New York Times
POSTED: 1:30 a.m. HST, Apr 20, 2012
CONCORD N.C. >> Rep. Larry Kissell slid into a diner booth here and sought to explain — with no small amount of irritation, since he has apparently been asked many times — his decision to run in his newly configured House district in contrast to two fellow North Carolina Democrats who retired rather than risk defeat in districts reshaped by Republicans.
“Those are decisions they had to make on a personal level,” said Kissell, whose district outside Charlotte has gone from being mildly Republican in his first election in 2008 to 12 percentage points in favor of the opposition party now. “I really view this as being a job of serving the public. It’s not a campaign for me; it’s just doing our job. And if we do a good job, the results will go our way.”
Republicans have a different view. They see North Carolina as the state that stands between Democrats and their dreams of retaking the House.
Congressional redistricting, a decennial process that generally allows the party in power in each state to draw new lines, has not created many opportunities for new seats for Republicans, as the party’s leaders once expected. But it has forced multiple House Democrats, viewing their odds in new districts as slim, into retirement. Many of those districts are now either in play or solidly Republican, making the climb for Democrats all that more onerous.
On paper, Democrats need a net gain of 25 seats to take back House control. In reality, the number is closer to 30 or even 35 since the party is likely not only to lose the seats of retiring Democrats in North Carolina, but also to face tougher odds in Arkansas, California, Oklahoma, Indiana, Illinois and perhaps in Arizona, in the district once served by former Rep. Gabrielle Giffords.
Overall, 15 Democrats have announced their retirements from the House, compared with 10 Republicans. Seven Democrats and eight Republicans have also opted to run for other offices. Among the lot, Republicans leave far more safe seats behind than their Democratic counterparts.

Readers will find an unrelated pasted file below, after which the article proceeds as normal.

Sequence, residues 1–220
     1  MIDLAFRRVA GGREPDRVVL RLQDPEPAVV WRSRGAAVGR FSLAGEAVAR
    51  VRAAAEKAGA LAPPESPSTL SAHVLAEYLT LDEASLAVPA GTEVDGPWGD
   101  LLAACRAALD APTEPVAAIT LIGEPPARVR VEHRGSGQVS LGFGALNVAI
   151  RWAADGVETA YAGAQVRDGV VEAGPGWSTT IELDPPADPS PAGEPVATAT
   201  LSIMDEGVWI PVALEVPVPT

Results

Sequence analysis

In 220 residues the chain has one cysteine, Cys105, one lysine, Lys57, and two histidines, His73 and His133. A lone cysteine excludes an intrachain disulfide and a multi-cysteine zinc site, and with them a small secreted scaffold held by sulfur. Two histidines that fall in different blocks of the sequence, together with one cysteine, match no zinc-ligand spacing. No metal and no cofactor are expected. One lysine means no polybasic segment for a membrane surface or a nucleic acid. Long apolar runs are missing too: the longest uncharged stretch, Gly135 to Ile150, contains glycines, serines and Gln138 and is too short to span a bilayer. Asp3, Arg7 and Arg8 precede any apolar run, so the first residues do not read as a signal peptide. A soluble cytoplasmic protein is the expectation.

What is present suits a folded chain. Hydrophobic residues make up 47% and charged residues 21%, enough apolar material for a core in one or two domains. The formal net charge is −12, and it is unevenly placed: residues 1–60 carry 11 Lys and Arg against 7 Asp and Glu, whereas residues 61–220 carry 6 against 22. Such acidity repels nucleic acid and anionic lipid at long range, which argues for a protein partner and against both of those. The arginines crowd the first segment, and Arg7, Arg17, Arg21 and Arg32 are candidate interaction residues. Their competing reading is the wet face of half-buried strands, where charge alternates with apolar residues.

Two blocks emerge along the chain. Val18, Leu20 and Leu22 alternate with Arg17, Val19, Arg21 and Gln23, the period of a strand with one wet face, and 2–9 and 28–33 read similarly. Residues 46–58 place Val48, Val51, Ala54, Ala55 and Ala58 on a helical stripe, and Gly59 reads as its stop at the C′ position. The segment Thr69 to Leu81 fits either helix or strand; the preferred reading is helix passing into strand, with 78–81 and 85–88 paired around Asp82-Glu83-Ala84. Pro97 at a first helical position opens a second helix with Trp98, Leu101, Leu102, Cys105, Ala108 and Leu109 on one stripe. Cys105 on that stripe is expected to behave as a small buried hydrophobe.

Of the seats where members are not seeking re-election, just two — one in Illinois and the other in California — have the potential to flip from Republican to Democrat, said David Wasserman, House editor of the nonpartisan Cook Political Report, while at least six seats held by Democrats are at risk of falling to Republicans, thanks to new lines. Among those are the North Carolina seats being vacated by Reps. Heath Shuler and Brad Miller.
“Democrats are at a disadvantage because of these retirements,” Wasserman said. “Those retirements have hamstrung their requirements of picking up the 25 seats they need.”
Between the retirements and new office seekers, members who have already been picked off in primary battles and the addition of new congressional seats in some states via redistricting, 56 House seats are now left without incumbents, the highest number since 1992, Wasserman said. This has led both parties to study maps obsessively, looking for new places to eke out victory. Both will find them, but Democrats will find fewer on balance.